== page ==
Pen and Chisel Q&A: A Quick Intro to the Law School Personal Statement

Eileen ConnerAre you looking for help with your law school personal statement? Please welcome back law school admissions essay expert Eileen Conner, founder of Pen and Chisel, who has a quick intro to the law school personal statement.

If you missed any of her other admissions Q&As, check them out here.

If you write no other essay for your law school applications, you will definitely write a personal statement. So what is the personal statement? It’s an essay, certainly — but what are its criteria? What are its key characteristics? How can you use it to make a convincing argument for admission to law school?

Here’s a short and sweet introduction to the crown jewel of law school admissions essays. We’ll explore this piece through the traditional journalistic questions: who, what, when, where, and why. Let’s start with what.

What is the law school personal statement?

In short, this is the main application essay required by nearly every ABA-accredited law school in the country. It’s usually capped at two to three pages in length, and requires standard 1-inch margins and 10-to-12-point font.

In this essay, you’ll create a strong, well-supported argument for admission to the law schools of your choice. Generally, you’ll do this by sharing a story of your personal experience and using it to demonstrate that you have the skills and ambition to succeed in law. The choice of particular topic, details to include, and overall tone can make a huge impact on the overall effectiveness of this essay.

Who is the personal statement for?

While the personal statement is at least partially for you — after all, you are the one who wants to be admitted to law school — the real question here is “who’s your audience?”

In this case, your audience consists of the various admissions committees at your chosen law schools. You’ll need to consider what they want to see and hear to construct the most effective argument for admission. Be sure to read your application instructions and supplemental information carefully, so you’ll have a good understanding of what is most important to each law school.

When should you write your personal statement?

While it’s possible to write a convincing personal statement at any point up to your final application deadlines, it’s a very good idea to get started on them much, much earlier. After all, this is a strikingly different type of essay than the typical research paper students are asked to write in college — and that means it may take some time to adjust to its requirements.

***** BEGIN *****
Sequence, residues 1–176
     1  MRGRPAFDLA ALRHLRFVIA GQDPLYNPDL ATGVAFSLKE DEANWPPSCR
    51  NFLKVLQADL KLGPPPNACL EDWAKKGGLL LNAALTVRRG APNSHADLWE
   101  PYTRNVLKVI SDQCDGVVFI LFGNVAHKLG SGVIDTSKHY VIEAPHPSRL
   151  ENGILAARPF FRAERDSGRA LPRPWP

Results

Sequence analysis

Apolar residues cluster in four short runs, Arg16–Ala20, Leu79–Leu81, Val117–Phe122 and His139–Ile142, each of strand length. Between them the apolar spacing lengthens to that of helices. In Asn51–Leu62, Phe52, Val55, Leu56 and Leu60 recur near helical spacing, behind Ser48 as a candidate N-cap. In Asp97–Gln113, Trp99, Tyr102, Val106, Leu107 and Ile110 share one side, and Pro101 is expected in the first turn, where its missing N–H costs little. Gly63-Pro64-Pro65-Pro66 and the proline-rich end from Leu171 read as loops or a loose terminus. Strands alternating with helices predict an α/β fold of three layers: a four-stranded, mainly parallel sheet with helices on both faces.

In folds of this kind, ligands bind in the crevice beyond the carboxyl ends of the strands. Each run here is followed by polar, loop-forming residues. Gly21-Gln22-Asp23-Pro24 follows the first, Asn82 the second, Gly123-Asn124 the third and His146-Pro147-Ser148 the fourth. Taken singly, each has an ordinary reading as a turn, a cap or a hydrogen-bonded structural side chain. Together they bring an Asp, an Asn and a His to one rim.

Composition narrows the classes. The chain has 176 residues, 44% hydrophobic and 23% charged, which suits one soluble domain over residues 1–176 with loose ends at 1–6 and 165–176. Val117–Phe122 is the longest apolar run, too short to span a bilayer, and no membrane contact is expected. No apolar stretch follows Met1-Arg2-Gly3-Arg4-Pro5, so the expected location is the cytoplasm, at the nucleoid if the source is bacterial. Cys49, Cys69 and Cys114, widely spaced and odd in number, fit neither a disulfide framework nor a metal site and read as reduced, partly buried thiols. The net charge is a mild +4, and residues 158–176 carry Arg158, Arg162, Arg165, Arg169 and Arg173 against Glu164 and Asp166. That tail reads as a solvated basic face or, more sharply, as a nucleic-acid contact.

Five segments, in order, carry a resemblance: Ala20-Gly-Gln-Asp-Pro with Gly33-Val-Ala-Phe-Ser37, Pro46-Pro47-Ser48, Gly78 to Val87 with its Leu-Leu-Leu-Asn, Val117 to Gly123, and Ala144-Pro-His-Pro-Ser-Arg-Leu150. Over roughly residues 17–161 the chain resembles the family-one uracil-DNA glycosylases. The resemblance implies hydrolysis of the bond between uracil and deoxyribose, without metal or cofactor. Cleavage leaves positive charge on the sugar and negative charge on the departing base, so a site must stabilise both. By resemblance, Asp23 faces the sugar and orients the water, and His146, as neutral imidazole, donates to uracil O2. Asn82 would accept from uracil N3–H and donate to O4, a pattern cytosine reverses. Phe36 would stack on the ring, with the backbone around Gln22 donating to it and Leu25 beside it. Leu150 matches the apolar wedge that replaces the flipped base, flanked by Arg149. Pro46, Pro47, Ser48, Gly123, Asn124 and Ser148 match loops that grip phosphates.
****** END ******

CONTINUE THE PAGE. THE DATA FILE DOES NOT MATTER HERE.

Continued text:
By starting your personal statement in summer or early fall, you’ll give yourself time to write, rewrite, edit, and proofread a truly exceptional essay — and to give yourself the best possible chance at admission to your top-choice schools.

Where do you want to go?

You can write your personal statement anywhere, just like any other essay. But one important “where” concept to keep in mind is where you plan to go to school. What characteristics or resources of your chosen programs are most important to you? What advantages will each school give you? Why do you think these schools will be the best places for you to get your legal education?

Another concept to consider is where you want to end up in your career. What kind of work do you envision yourself doing as a lawyer? Which legal career path sounds most interesting and fulfilling to you? What population or group do you want to help?

You’ll want to keep all of these criteria in mind as you write your personal statement, so you can include them if you feel they will strengthen your argument for admission.

Why is the personal statement important?

This admissions essay is especially important because it lets you show the law schools of your choice direct evidence that you should be admitted to their program. It gives you the opportunity to add information to your application that the admissions committee would not see otherwise. For instance, you can include personal inspiration and tell stories of key experiences that give a convincing picture of your aptitude for success in law. Finally, it’s the main way you get to communicate with each law school’s admissions committee in your own words. All of this makes writing a stellar personal statement critical.

Now that you have a good idea of the scope and purpose of the personal statement, it’s time to get started! Pick up your pen, start brainstorming, and write up a rough draft or two. With this information in hand, you’ll be able to make a start on crafting a great law school personal statement.

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Thanks, Eileen! And good luck to everyone applying!

Got an admissions question for Eileen? Leave it in the comments!

More about Eileen:
Eileen Conner is the founder of Pen and Chisel LLC, where she specializes in helping law school candidates perfect their application essays. 

A graduate of the University of Michigan’s prestigious creative writing MFA program, Eileen is the former Senior Editor for Law at Revision Editing. 

Read On:

As you embark on your law school application journey, you might want to bookmark Applying to Law School 101: What You Need to Know to Succeed.

Then check out some of the rest of the Pen and Chisel Q&A:

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